Making taxes complex and low is the central project of the Wealth Defense Industry.Chuck Collins
In the decades after the US income tax debuted in 1916, the highest rate was high indeed: In 1953, for example, the marginal tax rate on incomes of more than $200,000 – equivalent to $1.9 million in 2019 dollars – was 92%. By 2020, that top rate was 37%. The federal estate tax is the same 40% for multibillionaires as it is for mere millionaires.
In the United States alone, an estimated 90,000 employees work as tax and estate specialists at law firms, private banks, accounting practices and wealth management firms. Globally, the number of “wealth defenders” could be as high as 250,000. Top accounting firms – Deloitte, PricewaterhouseCoopers, KPMG and Ernst & Young – specialize in helping the rich dodge tax collectors.
Several dynastic families have used their considerable clout, spending millions to save themselves billions.
WDI personnel are concentrated in Jackson Hole, Wyoming, and in Greenwich, Connecticut, as well as in the Cayman Islands, Switzerland, Mauritius, Guernsey and the Cook Islands. These specialists often craft the tax policies that benefit their clients. Wealth defenders know, for example, which nations allow banks to accept deposits with scant details about the identity of the owner or the money’s provenance.
The hidden-wealth engine hums along in large part because the thousands of people working in the WDI don’t tell anyone what they know.
The inequality apparatus is lubricated by powerful narratives of meritocracy and deservedness that justify the extreme inequalities we are living through.Chuck Collins
But on occasion, insiders leak documents that provide a glimpse of life inside the machine. The Panama Papers data dump, for example, made such an impression that Netflix released a film version of the story starring Meryl Streep and Antonio Banderas. The WDI responded by attacking its critics. Mossack Fonseca, the Panamanian firm at the heart of the scandal, sued to block the movie’s release.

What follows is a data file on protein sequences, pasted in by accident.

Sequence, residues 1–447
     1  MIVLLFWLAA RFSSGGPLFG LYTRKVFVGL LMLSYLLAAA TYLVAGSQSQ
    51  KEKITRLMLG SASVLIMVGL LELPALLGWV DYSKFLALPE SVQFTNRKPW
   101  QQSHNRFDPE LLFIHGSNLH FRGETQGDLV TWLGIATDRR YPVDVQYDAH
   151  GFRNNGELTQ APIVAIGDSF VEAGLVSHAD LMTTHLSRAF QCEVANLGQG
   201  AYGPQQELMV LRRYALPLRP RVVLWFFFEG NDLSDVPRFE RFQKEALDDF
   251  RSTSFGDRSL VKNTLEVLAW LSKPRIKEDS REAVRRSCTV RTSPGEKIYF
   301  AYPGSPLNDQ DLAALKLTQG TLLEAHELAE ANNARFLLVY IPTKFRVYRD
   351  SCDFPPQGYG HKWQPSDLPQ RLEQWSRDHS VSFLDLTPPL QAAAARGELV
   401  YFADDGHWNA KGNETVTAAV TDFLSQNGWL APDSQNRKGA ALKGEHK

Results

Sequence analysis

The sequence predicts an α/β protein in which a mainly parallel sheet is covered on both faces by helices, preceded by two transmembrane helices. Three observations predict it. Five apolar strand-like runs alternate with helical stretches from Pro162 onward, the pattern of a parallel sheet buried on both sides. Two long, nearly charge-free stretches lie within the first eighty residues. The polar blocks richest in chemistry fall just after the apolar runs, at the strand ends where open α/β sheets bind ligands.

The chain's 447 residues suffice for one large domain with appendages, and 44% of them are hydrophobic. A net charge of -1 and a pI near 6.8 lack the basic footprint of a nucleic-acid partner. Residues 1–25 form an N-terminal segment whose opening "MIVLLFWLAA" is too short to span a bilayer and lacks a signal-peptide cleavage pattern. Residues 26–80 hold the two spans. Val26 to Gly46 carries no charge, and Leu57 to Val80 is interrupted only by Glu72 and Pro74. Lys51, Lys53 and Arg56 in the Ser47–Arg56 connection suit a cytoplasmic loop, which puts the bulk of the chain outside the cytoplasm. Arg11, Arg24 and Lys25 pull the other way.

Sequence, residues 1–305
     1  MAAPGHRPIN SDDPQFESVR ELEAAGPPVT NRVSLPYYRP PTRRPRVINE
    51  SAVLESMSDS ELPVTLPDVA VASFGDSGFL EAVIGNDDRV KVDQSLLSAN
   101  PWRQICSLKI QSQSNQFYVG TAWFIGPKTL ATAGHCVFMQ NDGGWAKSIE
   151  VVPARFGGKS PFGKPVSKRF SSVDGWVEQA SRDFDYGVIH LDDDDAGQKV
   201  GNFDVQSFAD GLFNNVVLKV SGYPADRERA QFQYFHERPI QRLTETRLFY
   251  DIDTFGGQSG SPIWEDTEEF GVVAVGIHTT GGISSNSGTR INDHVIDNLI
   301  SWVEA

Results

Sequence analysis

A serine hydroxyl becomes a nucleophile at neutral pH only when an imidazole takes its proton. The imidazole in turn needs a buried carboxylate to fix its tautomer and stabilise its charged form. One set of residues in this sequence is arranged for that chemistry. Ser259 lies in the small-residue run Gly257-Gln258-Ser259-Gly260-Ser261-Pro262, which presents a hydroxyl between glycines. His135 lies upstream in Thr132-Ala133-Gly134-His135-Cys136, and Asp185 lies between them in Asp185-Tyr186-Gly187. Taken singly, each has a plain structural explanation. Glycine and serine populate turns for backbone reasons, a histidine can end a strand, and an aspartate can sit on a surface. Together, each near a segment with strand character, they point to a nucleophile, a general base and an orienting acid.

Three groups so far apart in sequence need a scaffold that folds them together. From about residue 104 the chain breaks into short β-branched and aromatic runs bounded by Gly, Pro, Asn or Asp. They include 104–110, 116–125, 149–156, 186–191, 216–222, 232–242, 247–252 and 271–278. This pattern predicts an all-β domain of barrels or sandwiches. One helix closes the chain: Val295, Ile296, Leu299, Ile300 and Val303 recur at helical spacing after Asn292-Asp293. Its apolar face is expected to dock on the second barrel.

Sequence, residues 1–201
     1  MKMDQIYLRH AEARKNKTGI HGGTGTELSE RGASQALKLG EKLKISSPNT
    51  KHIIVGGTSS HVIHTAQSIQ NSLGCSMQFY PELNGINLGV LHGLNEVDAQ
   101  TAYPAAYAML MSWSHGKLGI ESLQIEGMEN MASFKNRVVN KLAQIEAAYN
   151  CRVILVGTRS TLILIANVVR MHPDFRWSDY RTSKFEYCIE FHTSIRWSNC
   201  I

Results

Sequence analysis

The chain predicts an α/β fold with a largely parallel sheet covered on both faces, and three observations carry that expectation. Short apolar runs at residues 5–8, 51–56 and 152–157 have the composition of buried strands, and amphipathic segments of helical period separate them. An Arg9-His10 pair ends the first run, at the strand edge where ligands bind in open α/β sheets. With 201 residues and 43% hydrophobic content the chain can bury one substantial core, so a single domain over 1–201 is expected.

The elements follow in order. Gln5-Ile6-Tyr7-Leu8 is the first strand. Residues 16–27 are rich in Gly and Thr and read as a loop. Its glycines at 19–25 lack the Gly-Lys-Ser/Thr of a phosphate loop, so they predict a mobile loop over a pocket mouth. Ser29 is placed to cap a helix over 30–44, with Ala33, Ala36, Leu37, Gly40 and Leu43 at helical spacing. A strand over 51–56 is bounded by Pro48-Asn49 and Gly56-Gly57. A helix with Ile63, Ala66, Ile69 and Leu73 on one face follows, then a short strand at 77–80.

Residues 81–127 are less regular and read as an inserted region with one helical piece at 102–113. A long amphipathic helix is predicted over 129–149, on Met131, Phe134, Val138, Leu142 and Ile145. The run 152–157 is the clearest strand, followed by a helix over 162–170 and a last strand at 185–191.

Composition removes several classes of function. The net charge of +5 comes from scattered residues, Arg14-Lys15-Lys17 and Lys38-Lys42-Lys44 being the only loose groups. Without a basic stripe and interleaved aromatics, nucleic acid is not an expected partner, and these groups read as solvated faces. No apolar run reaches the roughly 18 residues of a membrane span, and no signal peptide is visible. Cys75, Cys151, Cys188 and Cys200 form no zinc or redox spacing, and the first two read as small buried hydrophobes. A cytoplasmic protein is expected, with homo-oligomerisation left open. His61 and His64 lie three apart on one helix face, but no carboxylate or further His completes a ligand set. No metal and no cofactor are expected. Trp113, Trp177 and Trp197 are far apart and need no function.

Anonymous shell companies are the basic building blocks of tax avoidance. If taxing authorities don’t know the identity of the owner of an asset, they can’t pursue anyone for the taxes owed on that asset. Delaware allows shell companies, as do Bermuda, Malta and the British Virgin Islands, among many other nations.
By mixing different ownership layers and multiple transactions between them, it becomes virtually impossible to trace the movement of funds and ownership interests. Chuck Collins
The WDI uses trusts, foundations, anonymously owned assets, secret bank accounts and phony transations to hide its activities.
To rein in rampant wealth secrecy, Collins urges governments to strengthen anti-money-laundering rules, enforce the transparency of corporate taxation and governance, disrupt the anonymous ownership of US real estate, broaden identity rules beyond real estate transactions, and close tax loopholes.
A Heartfelt Distaste
Chuck Collins has a great understanding of monetary ebb and flow. His expertise serves him and the reader well, as he writes with barely concealed fury about what he regards as an egregious moral and societal failure. The upper 1% may not enjoy Collins spilling their nefarious secrets, but everyone else, especially activists and those seeking to lessen inequality, will find inspiration in – and experience no small amount of shock at – what Collins reveals and how much he reviles it.
Chuck Collins is also the author of Born on Third Base and, with Bill Gates Sr., he wrote Wealth and Our Commonwealth: Why America Should Tax Accumulated Fortunes.